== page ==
The government has pulled the plug on the planned lorry park in Stanford West, which was selected as a solution to the chronic congestion caused by Operation Stack.
The collapse of the planned lorry park contingency means there will be no alternative to Operation Stack until March 2019 at the earliest.
Former Chancellor of the Exchequer George Osborne committed £250m to the site in 2015 to relieve congestion on the M20 when Operation stack is in place in 2015, after a summer of disruption led to 30 days of queued HGVs on the motorway.
However campaigners against the site were granted a judicial review on the grounds that an environmental impact assessment work on the site had been inadequate.
Today (15 November) transport minister Chris Grayling announced that plans to build the lorry park had been withdrawn, as the government could “no longer defend the judicial review”.
Grayling said the DfT is already working on a new truck park in the area, which would be subject to a full environmental impact assessment and consider factors which had changed since Stanford West was selected in 2015.
These include upcoming Brexit and the ongoing general parking shortage in Kent.
However planning permission for this site is not expected to be filed until March 2019.
Grayling added that he had instructed Highways England to find a temporary solution for Operation Stack, with an implementation deadline of March 2019.
He said the agency had already developed a number of options including queuing lorries in the middle of the M20 instead of coast-bound lanes, and moveable lane barriers.
“A final decision on which option to take forward will be made in early 2018, with a view to completing delivery by March 2019,” he added.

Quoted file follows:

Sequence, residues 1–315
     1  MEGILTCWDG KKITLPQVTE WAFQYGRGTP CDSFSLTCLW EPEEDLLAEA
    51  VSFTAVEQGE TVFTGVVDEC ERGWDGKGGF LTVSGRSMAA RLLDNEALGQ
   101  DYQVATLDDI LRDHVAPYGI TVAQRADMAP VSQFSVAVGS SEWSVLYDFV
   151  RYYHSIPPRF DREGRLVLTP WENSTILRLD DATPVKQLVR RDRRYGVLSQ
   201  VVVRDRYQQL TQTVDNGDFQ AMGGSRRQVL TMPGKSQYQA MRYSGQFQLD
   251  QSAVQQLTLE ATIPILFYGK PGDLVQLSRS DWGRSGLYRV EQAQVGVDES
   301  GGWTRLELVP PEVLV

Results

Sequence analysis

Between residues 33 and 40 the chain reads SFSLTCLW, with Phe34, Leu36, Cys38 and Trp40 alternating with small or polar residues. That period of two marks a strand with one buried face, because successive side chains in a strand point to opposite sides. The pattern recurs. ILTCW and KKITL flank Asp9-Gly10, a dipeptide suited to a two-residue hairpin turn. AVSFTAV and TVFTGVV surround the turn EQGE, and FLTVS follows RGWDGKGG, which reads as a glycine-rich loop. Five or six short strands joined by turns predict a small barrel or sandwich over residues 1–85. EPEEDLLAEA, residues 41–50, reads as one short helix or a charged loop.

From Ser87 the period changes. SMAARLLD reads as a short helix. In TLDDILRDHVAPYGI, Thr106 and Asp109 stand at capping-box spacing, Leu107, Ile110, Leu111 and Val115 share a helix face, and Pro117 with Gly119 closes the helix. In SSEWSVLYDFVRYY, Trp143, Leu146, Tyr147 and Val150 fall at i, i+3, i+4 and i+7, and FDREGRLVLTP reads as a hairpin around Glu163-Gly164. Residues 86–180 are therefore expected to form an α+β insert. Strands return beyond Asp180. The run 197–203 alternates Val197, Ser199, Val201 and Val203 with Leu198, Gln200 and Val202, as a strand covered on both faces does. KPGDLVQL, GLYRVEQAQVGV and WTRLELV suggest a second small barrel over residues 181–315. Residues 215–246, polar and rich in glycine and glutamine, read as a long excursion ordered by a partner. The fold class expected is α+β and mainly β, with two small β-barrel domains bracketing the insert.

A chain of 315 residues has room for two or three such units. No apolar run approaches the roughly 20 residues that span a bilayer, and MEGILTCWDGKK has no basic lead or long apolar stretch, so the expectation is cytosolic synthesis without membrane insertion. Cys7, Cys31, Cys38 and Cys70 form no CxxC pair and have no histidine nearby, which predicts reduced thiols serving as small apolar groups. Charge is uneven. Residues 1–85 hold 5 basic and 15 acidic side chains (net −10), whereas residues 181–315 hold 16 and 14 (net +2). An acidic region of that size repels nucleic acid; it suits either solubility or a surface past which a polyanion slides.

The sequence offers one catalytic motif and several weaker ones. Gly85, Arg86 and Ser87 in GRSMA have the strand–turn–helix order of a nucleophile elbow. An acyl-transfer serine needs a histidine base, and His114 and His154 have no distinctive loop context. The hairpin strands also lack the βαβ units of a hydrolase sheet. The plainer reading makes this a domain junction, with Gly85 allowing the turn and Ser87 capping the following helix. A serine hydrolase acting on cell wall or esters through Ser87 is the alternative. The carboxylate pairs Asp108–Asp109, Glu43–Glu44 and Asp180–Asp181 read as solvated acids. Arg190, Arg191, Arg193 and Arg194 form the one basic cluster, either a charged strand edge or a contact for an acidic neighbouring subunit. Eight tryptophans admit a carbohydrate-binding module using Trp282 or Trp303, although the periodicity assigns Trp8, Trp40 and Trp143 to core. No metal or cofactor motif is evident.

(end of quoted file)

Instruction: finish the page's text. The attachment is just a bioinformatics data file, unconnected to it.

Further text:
- Pressure mounting on government to settle Standford West lorry park row ahead of court hearing
- Judicial review could delay Operation Stack truck park alternative
- No lorry park alternative to Operation Stack until at least 2018
The FTA said the removal of the Stanford West lorry park plans was a “major disappointment” and that the lack of an Operation Stack solution could be a “major problem” for the logistics sector.
Head of regional and national policy Christopher Snelling said: “That this application has to be withdrawn is a major disappointment and means a proper management of a Stack situation may be many more years off”.
RHA chief executive Richard Burnett added that it was “beyond belief” that “the most basic of procedures, that of an environmental assessment was not undertaken simply on the assumption that it was not needed”.
He added: “This red-tape debacle is a complete disaster for hauliers coming over from the Continent. Two years ago we saw the misery of operators who, for many days, were caught up in the gridlock of Operation Stack.
“Even the most basic requirements for HGV drivers such as toilet facilities and drinking water were non-existent. And for the people and economy of Kent, the cost was enormous.”
It came as a new report from MPs warned that HMRC's replacement customs system might not be fit for purpose when it goes live months before Brexit and could cause chaos at UK ports.